A model for the degree of integration of international channel structures: the case of exporters from newly industrialised countries (NICs) with special reference to Taiwan

Ming-Sung Cheng, Julian (1999) A model for the degree of integration of international channel structures: the case of exporters from newly industrialised countries (NICs) with special reference to Taiwan. (PhD thesis), Kingston University.

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Abstract

This research attempted to contribute to the development of knowledge within the domain of international channels of distribution and especially the degree of integration of such channel structures. Through an intensive literature review, four main theories have been identified as potential bases for the study of the subject matter, these are the functional approach, IPA, the financial consideration approach and TCA. Of these four theories, the author argues that, currently, TCA occupies a dominant position within related academic research. Consequently, TCA has been utilised as the theoretical basis of the study, the main aim of which has been the development and testing of a proposed model for the design of international channel structures for newly industrialised countries. Following an extensive review of relevant material, the model developed by Bello and Lohtia (1995) has been identified as offering a robust and systematic insight into the application of the TCA propositions into the subject matter. Nevertheless, the author has identified a number of limitations associated with Bello and Lohtia's model, and consequently, on the strength of related literature, has proposed a modified/extended model. In order to test the modified extended model, appropriate research constructs were operationalised. Through a self-completion questionnaire, the proposed model was applied/ tested in the IT -related sector of the Taiwanese economy. Sufficient data were collected and advanced multivariate techniques (in particular, structural equation modelling) were/utilised. Examination of the model fit led to a revised model. The pathways/ causal relationships within the revised proposed model can be categorised under four main types: 1. Constructs as second-order factors: H[sub]2[sub]a : "Transaction-specific Assets' is a second-order factor of "Human TSA", "Product TSA", "Physical TSA", "Dedicated TSA" and "Brand Name TSA". Partially supported H[sub]5[sub]a : 'Business Strengths of Principals' is a second-order factor of "Firm's Size", "Firm's Exporting Experience", "Firm's Financial Ability", "Familiarity with Foreign Markets" and "Firm's Core Business". Tentatively supported 2. Hypothesised pathways/causal relationships related to the decisions regarding 'integration of international channel structures: 'H[sub]1: The higher the 'Transaction Frequency', the greater the likelihood to integrate international channel structures. Supported H[sub]2: The higher the 'Transaction-specific Assets', the greater the likelihood to integrate international channel structures. Supported H[sub]3[sub]a: HJ. : The lower the degree of 'Environmental Diversity', the greater the likelihood to integrate international channel structures. Opposite H[sub]3[sub]b: The greater the degree of 'Environmental Volatility', the greater the likelihood to integrate international channel structures. Not supported H[sub]4: The lower the 'Channel Production Costs', the greater the likelihood to integrate international channel structures. Not supported H[sub]5[sub]a: The greater the magnitude of 'Business Strengths of Principals', the greater the likelihood to integrate international channel structures. Supported 3. Secondary hypotheses relevant to 'Business Strengths of Principals': H[sub]6[sub]a : The higher the degree of 'Environmental Diversity', the higher the magnitude of 'Business Strengths of Principals'. Supported H[sub]6[sub]b : The higher the degree of 'Environmental Volatility', the lesser the magnitude of 'Business Strengths of Principals'. Supported H[sub]7 : The greater the magnitude of 'Business Strengths of Principals', the lower the 'Channel Production Costs'. 4. Additional significant causal pathways added following data analysis: AH[sub]1: The higher the 'Channel Production Costs', the greater the magnitude of 'Business Strengths of Principals'. AH[sub]2: The higher the 'Transaction Frequency', the higher the magnitude of 'Business Strengths of Principals' . Finally, it is believed that the research presented in this thesis has made an original contribution to the scholarly study and literature on international channel structures, and more specifically: 1. offered a new conceptualisation of the 'Business Strengths of Principals' and 'Transaction-specific Assets' constructs; 2. expanded the conceptualisation of TCA through the addition of the 'Business Strengths of Principals' construct; 3. offered - some initial evidences to suggest that transaction costs, rather than production costs, are more important determinants of international channel structures; 4. expanded the boundary condition of TCA, as applied to the subject matter, by successfully applying the theory in a new environment; 5. introduced the 'channel functional measure approach' as a measure of degree of channel integration; and 6. provided a set of prescriptive guidelines for the design of international channel structures.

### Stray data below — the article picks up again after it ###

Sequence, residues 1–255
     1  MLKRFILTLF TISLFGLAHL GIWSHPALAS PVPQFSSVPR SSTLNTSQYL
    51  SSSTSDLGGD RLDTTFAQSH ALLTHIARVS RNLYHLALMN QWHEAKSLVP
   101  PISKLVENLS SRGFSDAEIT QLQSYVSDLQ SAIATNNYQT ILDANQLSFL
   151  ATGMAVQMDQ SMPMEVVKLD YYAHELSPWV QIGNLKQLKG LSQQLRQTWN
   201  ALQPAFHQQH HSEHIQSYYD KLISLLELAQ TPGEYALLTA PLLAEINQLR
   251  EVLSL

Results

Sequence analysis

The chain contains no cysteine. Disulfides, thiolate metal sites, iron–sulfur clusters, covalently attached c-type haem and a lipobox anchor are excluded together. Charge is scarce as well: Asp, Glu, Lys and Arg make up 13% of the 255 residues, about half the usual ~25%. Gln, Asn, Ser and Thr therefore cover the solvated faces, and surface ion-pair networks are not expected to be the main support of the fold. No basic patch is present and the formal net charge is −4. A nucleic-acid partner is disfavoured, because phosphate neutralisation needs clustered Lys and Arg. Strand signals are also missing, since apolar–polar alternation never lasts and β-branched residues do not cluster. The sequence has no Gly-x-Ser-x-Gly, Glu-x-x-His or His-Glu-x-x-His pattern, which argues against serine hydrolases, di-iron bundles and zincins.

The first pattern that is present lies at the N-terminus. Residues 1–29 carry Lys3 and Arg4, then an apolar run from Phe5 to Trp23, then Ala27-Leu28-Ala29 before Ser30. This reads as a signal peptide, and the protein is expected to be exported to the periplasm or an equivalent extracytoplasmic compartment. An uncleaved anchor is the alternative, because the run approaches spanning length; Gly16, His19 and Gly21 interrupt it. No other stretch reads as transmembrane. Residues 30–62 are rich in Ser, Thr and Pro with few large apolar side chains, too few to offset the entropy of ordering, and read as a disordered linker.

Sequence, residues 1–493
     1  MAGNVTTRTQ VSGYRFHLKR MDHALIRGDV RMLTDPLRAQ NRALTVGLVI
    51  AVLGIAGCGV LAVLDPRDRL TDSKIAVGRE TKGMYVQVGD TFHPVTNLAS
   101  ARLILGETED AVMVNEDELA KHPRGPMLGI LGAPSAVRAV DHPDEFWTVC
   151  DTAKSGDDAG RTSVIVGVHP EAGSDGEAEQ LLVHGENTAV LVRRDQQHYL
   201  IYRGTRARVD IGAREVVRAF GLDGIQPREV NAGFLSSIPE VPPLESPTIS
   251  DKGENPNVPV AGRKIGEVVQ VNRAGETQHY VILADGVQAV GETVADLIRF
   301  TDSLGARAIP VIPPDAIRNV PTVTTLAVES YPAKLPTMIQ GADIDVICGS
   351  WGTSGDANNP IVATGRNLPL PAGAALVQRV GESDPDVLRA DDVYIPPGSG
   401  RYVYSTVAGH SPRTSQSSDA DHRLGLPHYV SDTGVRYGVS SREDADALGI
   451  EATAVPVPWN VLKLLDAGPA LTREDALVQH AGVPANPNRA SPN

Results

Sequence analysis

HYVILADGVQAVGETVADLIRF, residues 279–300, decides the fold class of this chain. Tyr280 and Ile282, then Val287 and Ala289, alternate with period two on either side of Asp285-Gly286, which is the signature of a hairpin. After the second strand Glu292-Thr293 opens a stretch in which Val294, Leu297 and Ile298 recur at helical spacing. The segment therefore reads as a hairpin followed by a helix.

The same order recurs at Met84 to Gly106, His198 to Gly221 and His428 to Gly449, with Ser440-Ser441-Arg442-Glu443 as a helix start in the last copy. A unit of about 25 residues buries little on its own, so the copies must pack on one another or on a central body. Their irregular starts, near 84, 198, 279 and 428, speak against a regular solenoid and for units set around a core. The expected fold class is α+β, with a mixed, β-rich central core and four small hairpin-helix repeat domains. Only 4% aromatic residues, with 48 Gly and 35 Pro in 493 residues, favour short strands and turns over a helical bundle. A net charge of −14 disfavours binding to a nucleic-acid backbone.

Item Type: Thesis (PhD)
Physical Location: This item is held in stock at Kingston University Library.
Research Area: Business and management studies
Depositing User: Automatic Import Agent
Date Deposited: 09 Sep 2011 21:39
Last Modified: 30 May 2014 09:25
URI: http://eprints.kingston.ac.uk/id/eprint/20634

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